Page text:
Introduction to Scholarship Questions

I wouldn’t be a tutor if it weren’t for the exquisitely difficult scholarship exams, set by the best teachers, at the oldest schools, for the brightest 13 year-olds.

First of all because I scraped into Winchester College via its Election exams, many years ago. But also because everything else is boring by comparison.

The French Structuralist Philosopher Roland Barthes said that the designers of the cars we see in our cities today have a lot in common with the architects of the cathedrals that have stood in them for centuries. They are nameless and unknown – and yet their work is always there, an inescapable part of millions of daily lives.

I feel something similar about the teachers (or dons, or beaks) who set these schools’ scholarship exams.

Not everyone who wins one of these scholarships goes on to greatness, but some of them do. Last SUMMER Winchester’s alumni magazine marked the death of its old boy Freeman Dyson, supposedly the greatest physicist never to win the Nobel Prize. The AUTUMN issue saw the obituary of another Wykehamist, XXX XXX, who actually did win the Nobel Prize for Physics.

Given that the school produces a little over 100 Wykehamists a year, who aged 18 might be expected to live 70 more years, there are only around

100 x 70 = 7000

of us alive at any one point.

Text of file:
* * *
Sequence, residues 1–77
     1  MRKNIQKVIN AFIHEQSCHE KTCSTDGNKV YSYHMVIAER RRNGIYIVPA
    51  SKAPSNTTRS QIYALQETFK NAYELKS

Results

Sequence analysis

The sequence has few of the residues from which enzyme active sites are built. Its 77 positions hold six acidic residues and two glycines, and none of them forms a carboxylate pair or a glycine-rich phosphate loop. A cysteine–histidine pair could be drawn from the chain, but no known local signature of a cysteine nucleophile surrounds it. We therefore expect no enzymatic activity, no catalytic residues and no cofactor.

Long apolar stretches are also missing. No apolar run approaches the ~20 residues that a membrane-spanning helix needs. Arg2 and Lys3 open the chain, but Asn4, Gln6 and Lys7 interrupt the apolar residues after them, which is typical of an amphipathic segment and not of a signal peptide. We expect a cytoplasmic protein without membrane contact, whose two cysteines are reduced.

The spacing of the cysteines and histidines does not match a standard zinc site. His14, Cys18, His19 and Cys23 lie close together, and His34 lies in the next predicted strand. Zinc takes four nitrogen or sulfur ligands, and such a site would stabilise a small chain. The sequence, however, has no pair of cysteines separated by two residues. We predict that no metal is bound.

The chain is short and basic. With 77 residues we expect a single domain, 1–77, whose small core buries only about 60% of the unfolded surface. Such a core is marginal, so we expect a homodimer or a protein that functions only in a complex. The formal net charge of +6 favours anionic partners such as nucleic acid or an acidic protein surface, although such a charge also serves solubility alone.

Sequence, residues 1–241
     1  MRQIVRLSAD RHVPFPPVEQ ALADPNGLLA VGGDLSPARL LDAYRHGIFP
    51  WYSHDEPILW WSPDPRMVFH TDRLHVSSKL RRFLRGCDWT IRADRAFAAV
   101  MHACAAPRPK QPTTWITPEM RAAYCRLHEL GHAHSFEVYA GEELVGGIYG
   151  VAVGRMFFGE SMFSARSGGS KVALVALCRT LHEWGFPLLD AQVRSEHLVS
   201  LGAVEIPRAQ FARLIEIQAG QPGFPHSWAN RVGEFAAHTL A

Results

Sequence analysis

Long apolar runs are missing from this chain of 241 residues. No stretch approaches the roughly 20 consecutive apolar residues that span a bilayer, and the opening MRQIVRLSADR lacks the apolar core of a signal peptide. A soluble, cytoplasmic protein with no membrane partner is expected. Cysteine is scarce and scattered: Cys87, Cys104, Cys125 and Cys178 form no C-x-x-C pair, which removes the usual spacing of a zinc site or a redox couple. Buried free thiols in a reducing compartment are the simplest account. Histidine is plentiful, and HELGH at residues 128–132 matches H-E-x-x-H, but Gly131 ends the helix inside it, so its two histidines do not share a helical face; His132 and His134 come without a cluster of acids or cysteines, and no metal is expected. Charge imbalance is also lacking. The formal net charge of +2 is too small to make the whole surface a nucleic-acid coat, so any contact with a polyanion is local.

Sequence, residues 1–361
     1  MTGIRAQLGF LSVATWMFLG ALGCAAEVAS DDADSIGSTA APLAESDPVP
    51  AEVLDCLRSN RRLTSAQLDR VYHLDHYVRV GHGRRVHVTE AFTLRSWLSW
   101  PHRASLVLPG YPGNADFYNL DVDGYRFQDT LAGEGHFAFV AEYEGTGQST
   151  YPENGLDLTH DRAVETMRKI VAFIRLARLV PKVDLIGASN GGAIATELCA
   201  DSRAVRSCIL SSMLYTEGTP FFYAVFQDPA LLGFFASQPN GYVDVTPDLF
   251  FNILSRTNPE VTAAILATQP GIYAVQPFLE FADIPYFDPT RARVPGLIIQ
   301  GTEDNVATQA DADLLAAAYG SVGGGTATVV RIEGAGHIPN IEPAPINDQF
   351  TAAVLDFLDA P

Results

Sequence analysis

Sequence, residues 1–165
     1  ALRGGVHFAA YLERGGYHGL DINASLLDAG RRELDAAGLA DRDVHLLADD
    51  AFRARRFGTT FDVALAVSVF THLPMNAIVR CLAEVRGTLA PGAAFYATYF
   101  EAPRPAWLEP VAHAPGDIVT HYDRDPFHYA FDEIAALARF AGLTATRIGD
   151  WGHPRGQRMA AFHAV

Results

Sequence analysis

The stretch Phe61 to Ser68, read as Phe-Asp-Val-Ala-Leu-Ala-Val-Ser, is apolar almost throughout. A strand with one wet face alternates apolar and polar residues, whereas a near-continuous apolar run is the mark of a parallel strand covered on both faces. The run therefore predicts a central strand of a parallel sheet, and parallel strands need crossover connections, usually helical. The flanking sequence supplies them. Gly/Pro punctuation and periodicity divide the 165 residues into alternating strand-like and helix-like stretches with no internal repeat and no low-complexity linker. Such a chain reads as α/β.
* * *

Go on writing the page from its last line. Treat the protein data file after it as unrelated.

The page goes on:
The standard of teaching these schools provide is important to more people than just the ones receiving it.

So I use scholarship papers for everyone. Mostly to maintain my own enthusiasm. This alone would be sufficient – there’s nothing more corrosive to learning than a bored teacher. But there are other benefits:

  1. Entry to these schools is Competitive and Zero Sum: lots of parents and students think there is an upper limit to how good you need to be to get in, and that it isn’t worth exceeding for intrinsic reasons. Wrong on both counts.
  2. If you want to know what lessons at these schools are like, read the 13+ scholarship past papers from Winchester, Eton, St Paul’s and Westminster (for younger children, try the 11+ St Paul’s Girls papers).
  3. More fun, less homogenous – LINK WITH;
  4. More of a challenge – confidence
  5. Tutoring not teaching – im there to help in ways a classroom teacher can’t


About the author

Tutor for 18 years. Author for 3. The bees' knees.